It is an eerie thing to imagine beautiful music being played in Theresienstadt.
Alice Herz-Sommer, the last known Holocaust survivor, died yesterday at the age of 110. Scheduled to be loaded on a transport to a death camp in October 1944, her life was spared one last time so that she could “keep on playing and singing”. A short documentary about her life and ecstatic embrace of music, The Lady in Number 6: Music Saved My Life, is up for an Academy Award next Sunday.
Karl Rahm, an SS officer, made the decision not to send Sommer to her death. But also in the room that day — the author of many of the previous transport lists that likewise spared Sommer — was Benjamin Murmelstein, the Nazi-appointed Jewish Elder at Theresienstadt. A debate continues over whether he was a despicable collaborator or a pragmatic realist who saved as many Jews as possible. (Gershon Scholem argued for Murmelstein to be hanged, but opposed hanging Eichmann.) The debate takes place in what Primo Levi calls “the gray zone” in his 1986 memoir The Drowned and the Saved.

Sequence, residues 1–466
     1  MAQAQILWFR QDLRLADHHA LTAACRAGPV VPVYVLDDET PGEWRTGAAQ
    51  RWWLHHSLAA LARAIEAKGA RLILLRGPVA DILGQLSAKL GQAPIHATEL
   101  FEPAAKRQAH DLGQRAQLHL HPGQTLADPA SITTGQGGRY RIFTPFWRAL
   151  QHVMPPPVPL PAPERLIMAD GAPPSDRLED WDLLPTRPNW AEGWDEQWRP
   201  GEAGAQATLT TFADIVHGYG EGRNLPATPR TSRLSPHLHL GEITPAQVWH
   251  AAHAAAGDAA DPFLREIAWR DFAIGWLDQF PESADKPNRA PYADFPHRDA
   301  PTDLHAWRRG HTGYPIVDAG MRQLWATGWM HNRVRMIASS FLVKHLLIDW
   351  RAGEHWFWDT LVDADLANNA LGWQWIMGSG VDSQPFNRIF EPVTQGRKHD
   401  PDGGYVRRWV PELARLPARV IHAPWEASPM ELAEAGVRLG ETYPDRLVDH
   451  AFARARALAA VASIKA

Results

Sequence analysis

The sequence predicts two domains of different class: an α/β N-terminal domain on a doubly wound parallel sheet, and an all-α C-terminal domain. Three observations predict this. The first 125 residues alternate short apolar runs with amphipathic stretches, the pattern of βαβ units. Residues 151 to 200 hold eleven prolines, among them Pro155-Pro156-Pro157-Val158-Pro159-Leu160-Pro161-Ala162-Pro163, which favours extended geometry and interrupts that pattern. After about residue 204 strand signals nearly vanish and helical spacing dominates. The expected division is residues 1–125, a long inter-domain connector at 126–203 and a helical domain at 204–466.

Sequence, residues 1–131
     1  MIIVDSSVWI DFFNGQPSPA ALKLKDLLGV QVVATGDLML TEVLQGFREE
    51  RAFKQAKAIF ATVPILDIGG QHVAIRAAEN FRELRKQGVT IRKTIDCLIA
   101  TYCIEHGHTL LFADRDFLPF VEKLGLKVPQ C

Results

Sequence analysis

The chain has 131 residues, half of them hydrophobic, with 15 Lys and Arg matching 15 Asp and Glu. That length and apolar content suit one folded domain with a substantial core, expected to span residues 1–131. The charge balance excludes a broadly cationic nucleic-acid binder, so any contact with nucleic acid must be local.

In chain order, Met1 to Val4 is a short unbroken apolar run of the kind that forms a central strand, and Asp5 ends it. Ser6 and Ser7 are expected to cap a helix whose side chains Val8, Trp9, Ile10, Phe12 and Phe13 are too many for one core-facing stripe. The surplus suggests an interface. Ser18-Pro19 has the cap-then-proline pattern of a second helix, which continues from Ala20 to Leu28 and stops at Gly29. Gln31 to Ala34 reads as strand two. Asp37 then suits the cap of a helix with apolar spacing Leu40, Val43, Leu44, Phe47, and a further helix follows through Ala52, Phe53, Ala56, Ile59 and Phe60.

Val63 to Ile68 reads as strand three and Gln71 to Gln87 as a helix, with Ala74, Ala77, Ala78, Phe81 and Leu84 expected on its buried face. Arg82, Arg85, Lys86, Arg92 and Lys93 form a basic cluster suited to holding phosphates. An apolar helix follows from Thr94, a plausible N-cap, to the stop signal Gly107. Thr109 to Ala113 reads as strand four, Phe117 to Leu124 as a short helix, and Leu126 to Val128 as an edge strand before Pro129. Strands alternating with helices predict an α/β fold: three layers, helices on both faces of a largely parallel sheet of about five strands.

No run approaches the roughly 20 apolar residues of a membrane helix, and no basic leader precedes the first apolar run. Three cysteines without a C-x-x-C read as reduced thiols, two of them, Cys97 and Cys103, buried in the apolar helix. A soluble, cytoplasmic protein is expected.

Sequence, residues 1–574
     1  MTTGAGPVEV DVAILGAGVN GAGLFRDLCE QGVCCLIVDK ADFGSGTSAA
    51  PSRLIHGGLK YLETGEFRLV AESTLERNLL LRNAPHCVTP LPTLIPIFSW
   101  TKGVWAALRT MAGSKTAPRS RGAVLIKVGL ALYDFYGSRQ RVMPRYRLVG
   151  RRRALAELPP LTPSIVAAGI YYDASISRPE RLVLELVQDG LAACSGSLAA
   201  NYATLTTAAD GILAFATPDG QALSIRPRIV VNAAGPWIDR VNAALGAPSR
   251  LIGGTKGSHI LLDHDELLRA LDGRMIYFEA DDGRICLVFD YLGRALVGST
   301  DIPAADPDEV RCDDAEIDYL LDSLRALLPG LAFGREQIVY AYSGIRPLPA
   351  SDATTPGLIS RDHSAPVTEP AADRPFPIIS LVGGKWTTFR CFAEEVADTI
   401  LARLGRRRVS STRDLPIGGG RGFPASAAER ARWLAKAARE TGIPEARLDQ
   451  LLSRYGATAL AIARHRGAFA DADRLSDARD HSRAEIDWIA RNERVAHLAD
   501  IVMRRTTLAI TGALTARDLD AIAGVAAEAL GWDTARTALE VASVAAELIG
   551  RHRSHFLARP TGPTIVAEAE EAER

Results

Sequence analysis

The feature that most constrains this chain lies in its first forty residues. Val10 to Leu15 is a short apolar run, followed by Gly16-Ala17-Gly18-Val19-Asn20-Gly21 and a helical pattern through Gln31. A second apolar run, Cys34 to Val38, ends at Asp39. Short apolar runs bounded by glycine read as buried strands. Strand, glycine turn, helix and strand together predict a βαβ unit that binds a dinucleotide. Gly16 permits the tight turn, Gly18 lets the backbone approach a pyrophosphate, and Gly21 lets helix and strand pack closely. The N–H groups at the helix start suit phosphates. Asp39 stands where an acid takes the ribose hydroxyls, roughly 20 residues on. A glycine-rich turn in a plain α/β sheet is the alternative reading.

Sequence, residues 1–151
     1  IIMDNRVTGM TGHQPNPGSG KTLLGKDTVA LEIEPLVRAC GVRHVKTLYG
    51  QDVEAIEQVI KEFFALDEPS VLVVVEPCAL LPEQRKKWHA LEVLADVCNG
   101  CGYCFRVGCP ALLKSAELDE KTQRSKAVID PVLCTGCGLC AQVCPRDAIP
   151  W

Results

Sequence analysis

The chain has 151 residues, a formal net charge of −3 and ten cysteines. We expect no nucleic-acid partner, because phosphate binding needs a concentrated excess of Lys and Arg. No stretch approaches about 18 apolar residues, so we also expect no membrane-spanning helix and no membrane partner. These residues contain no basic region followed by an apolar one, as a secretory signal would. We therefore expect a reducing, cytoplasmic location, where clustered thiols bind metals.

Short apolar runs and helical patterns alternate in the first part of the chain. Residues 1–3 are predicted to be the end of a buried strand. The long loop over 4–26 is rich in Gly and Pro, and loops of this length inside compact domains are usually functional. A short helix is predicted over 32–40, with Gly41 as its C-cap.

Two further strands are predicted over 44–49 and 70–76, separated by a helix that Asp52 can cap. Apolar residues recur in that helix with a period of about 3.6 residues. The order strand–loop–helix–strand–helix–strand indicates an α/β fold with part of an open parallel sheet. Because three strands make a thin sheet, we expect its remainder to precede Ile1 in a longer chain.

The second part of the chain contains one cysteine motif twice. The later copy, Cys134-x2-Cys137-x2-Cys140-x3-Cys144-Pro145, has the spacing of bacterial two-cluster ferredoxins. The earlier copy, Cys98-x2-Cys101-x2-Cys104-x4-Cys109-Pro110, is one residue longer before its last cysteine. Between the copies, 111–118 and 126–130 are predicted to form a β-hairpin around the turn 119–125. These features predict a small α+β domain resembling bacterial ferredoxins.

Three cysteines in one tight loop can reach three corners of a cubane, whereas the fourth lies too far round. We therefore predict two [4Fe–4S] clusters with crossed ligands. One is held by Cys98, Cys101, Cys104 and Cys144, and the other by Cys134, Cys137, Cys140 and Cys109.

Murmelstein is the subject of the 2013 film The Last of the Unjust. If the film about Alice Herz-Sommer promises to center around a simple love of music and a joy-filled woman, Claude Lanzmann’s film about Murmelstein is troubling and complex — the gray zone appears very dark indeed. Murmelstein’s irony verges upon abstract diffidence (he is Sancho Panza, Orpheus, Scheherazade…). We can condemn him, he says, but until we share his perspective, we cannot judge him.
After watching The Last of the Unjust, I especially look forward to seeing The Lady in Number 6. How can such light have the courage to shine through the gray zone?